Long before forming the Velvet Underground and entering the Factory fold, Lou Reed began playing rock ’n’ roll in high school in the late 1950s and got his first post-college job as a songwriter for Pickwick Records, which he quit to form the Velvet Underground.
In 1966, Lou Reed and his band recorded The Velvet Underground & Nico at the studios of Scepter Records, which was largely associated with the Shirelles and other girl groups. Eight years later, engineer Tom Moulton created the first twelve-inch extended dance remix in Scepter’s studio, which became a crucial format for disco DJs. And when the disco movement was peaking in 1977, Studio 54 opened inside an old soundstage that originally broadcast hit television shows like The $64,000 Question and Captain Kangaroo. That former CBS television studio was located underneath Scepter Records at 254 West Fifty-Fourth Street—a building that produced an unlikely mix of girl group pop, left field rock, debauched disco, and children’s television programming.
From Chapter 4 of The Downtown Pop Underground — order online, or from a local independent bookstore
In late 1965, the Velvet Underground began performing at Café Bizarre, which had fake cobwebs, candles, and waitresses in fishnet stockings who looked like Morticia from The Addams Family. “I walked by Café Bizarre a hundred times but I never went in,” said Peter Crowley, who managed another coffeehouse. “It was absolutely another tourist trap, so I never bothered going.” The Velvets’ dissonant droning and sordid tales clashed with the Greenwich Village folk crowd’s more conventional tastes. “One night at the Café Bizarre,” Sterling Morrison recalled, “we played ‘The Black Angel’s Death Song’ and the owner came up and said, ‘If you play that song one more time you’re fired!’ ” The Velvets began their next set with a ferocious version of “The Black Angel’s Death Song” and were promptly fired.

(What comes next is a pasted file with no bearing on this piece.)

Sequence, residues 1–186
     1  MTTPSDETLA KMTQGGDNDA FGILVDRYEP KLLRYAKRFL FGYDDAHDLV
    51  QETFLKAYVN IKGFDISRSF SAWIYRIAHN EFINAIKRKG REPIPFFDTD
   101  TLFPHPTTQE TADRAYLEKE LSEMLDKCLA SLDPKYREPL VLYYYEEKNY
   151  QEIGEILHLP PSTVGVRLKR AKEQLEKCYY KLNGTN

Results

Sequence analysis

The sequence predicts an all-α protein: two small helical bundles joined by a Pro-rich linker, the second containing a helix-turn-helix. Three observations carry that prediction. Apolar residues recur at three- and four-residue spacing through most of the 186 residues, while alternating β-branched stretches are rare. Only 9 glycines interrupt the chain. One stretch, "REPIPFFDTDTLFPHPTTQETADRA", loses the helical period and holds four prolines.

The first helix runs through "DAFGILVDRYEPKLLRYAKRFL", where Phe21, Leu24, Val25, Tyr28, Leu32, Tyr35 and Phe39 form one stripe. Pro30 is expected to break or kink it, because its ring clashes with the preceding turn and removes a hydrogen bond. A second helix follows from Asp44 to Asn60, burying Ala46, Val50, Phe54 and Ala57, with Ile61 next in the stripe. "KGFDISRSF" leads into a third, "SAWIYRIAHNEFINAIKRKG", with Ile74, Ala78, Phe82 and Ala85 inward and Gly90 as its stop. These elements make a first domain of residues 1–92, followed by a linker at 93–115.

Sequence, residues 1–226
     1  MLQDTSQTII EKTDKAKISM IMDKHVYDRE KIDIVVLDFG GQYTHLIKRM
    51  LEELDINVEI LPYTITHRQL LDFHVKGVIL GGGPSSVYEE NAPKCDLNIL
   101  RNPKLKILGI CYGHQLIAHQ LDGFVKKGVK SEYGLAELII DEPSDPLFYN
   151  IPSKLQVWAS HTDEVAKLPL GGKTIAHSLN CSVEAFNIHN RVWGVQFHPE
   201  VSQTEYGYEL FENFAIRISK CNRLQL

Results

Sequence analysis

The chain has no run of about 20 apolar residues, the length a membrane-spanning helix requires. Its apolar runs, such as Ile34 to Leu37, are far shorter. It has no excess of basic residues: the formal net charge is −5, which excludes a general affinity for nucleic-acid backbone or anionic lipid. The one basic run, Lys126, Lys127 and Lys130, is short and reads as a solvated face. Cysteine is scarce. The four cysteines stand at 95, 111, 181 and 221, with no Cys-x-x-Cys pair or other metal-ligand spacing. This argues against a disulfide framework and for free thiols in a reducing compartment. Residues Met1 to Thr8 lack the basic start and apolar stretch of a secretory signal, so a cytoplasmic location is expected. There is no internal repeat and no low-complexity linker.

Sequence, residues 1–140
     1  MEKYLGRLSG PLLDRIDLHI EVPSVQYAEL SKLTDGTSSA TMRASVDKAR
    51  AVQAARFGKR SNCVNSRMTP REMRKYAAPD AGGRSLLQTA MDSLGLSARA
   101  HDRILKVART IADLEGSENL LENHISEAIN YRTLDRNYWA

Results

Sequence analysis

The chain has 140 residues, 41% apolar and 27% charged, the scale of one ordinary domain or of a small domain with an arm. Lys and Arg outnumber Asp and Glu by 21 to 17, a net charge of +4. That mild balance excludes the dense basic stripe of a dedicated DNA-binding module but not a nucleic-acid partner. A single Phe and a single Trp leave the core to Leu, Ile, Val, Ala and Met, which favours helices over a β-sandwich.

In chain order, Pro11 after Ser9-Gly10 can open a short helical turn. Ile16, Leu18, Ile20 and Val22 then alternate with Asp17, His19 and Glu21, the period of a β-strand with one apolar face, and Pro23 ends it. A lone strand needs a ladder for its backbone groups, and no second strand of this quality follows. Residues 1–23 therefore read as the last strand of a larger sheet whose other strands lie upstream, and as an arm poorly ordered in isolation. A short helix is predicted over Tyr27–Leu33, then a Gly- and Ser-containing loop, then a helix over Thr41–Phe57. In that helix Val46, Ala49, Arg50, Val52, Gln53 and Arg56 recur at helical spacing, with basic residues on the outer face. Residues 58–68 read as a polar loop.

From Chapter 11 of The Downtown Pop Underground — order online, or from a local independent bookstore
While Lou Reed dabbled in experimental music in college, John Cale had an extensive background in that world. Born in South Wales, he received an undergraduate degree in classical music and absorbed the works of Karlheinz Stockhausen and John Cage. In 1963, Cale was awarded a Leonard Bernstein scholarship to study modern composition at Tanglewood in Lenox, Massachusetts, but he quickly fell out with composer Aaron Copland, who had helped Cale secure the scholarship. “Copland said I couldn’t play my work at Tanglewood,” he recalled. “It was too destructive, he said. He didn’t want his piano wrecked.” Cale then moved to New York and dove straight into the city’s avant-garde scene, participating in an eighteen-hour performance organized by John Cage soon after arriving. Once settled there, Cale began playing with La Monte Young’s Theatre of Eternal Music ensemble, which also included Factory custodian Billy Name and Tony Conrad (the friend of Jack Smith who compiled the soundtrack for Flaming Creatures).
The Velvet Underground continued playing for these Factory-produced events, renamed the Exploding Plastic Inevitable, a continuation of multimedia experiments that were taking place downtown. Elaine Summers had already staged her Fantastic Gardens mixed-media event in February 1964 at Judson Church, where film projections were splashed on the ceiling, walls, and floor, and the audience participated with small handheld mirrors. The results were stunning, and unprecedented. As the space was enveloped by a cacophony of lighting effects, music, movement, spoken word, and cinema, dance pioneer Sally Stackhouse performed on the balcony in front of a film of herself dancing. In his Village Voice column, Jonas Mekas argued that Fantastic Gardens was “by far the most successful and most ambitious attempt to use the many possible combinations of film and live action to create an aesthetic experience.” Two years later, Warhol did much the same when he projected performance footage of the Velvet Underground while they played in the Exploding Plastic Inevitable at the Dom.